Relief, if not debt relief, on last night of the proms
Why? “We are tearing up the promissory note and we have wiped Anglo Irish Bank off the map,” said Eamon Gilmore.
At last, it’s goodbye to those promiscuous notes. If not our debt.
“There won’t be a cow milked in Merrion Street tonight!” whispered a delighted number cruncher, sounding like a man determined to celebrate The Last Night of the Proms.
Given that the final public act in the countdown to The Deal was played out in Leinster House, it was not without a large dollop of comedy.
Would we get a deal at all? Rumour ran rife around Leinster House yesterday morning.
Then the ECB boss, Mario Draghi, held his early afternoon press conference. He kept the spy thriller theme going by talking in code about the Irish situation.
But the ECB had “unanimously noted” what was going on in Ireland.
Those in the know translated. “Keep her going, Patsy, the job is OXO,” said Mario.
The announcement came at 10 minutes to three. Dáil business was interrupted when the Taoiseach entered the chamber, his Cabinet walking behind.
They walked down the middle set of steps to the front bench.
This is the route of choice on the big occasions.
There was a little flurry of activity in the ranks of the Technical Group. Richard Boyd Barret, at the railing skirting the chamber, was scrunching up little pieces of paper.
Then he nipped down the steps to Catherine Murphy and held out his hand, revealing the papers in the bowl of his palm.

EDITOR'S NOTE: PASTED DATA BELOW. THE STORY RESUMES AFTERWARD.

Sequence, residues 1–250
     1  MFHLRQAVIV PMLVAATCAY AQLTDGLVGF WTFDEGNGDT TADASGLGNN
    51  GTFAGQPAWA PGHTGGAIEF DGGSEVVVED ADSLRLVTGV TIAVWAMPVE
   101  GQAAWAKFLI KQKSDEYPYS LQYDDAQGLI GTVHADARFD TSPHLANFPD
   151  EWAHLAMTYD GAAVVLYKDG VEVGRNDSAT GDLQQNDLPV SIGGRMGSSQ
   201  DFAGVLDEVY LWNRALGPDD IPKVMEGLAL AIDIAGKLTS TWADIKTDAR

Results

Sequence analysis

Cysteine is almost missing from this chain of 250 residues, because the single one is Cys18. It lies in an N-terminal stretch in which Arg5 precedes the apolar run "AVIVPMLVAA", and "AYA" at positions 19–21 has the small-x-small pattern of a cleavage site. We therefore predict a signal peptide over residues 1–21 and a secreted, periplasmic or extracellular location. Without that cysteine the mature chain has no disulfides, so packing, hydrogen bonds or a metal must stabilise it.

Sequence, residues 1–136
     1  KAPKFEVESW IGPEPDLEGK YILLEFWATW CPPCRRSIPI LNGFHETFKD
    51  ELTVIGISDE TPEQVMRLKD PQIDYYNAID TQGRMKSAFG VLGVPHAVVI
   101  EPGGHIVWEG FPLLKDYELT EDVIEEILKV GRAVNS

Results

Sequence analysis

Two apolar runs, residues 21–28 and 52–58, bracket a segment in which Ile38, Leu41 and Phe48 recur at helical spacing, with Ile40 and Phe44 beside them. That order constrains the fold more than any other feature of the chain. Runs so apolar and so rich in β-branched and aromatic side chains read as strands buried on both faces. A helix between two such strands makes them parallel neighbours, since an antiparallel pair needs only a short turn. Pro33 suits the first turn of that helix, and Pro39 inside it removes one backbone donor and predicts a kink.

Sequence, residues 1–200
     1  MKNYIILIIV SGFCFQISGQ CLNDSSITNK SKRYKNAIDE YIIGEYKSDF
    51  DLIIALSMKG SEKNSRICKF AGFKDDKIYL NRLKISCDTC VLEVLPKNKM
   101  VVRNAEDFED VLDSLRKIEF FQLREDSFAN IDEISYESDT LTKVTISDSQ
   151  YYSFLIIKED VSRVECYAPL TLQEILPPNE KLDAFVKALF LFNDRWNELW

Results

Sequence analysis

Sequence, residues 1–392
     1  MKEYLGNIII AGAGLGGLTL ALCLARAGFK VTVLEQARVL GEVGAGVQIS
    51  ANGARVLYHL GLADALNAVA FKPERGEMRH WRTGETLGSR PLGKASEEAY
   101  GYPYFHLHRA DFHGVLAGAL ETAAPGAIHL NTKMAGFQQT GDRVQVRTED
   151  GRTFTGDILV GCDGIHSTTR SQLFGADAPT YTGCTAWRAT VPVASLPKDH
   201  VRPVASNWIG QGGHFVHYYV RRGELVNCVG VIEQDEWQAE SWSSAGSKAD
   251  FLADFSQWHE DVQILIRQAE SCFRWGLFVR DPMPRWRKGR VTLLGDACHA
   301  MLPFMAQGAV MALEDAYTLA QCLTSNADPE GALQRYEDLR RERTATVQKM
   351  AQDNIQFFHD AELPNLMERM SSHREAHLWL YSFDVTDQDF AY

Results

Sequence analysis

She picked one out and Richard returned to the rails and unfolded it. He showed the scrap to Shane Ross, who laughed.
Below them, Mattie McGrath began furiously writing notes with a red biro. He had won the speaking lottery.
Peter Mathews padded to his seat. Very glum.
“I am therefore pleased to announce today that Ireland has reached a conclusion to its negotiations with the ECB,” said Enda.
Out through the gap and clear. You could feel the worry lifting from the Government side.
The Fianna Fáil leader gave a qualified welcome. “We always knew it was going to happen,” he sniffed. The Government side slid into hysterics.
“You are replacing a promissory note with a sovereign bond,” thundered Sinn Féin’s Pearse Doherty. His party has no truck with sovereigns.
Then Mattie stood and delivered a stream of consciousness which would have bamboozled James Joyce in his prime.
Enda nodded off for a few seconds, then he snapped forward and took a long drink of water.
As Mattie invoked the name of Michael Collins in his aimless gallop, Shane Ross looked like he was going to cry.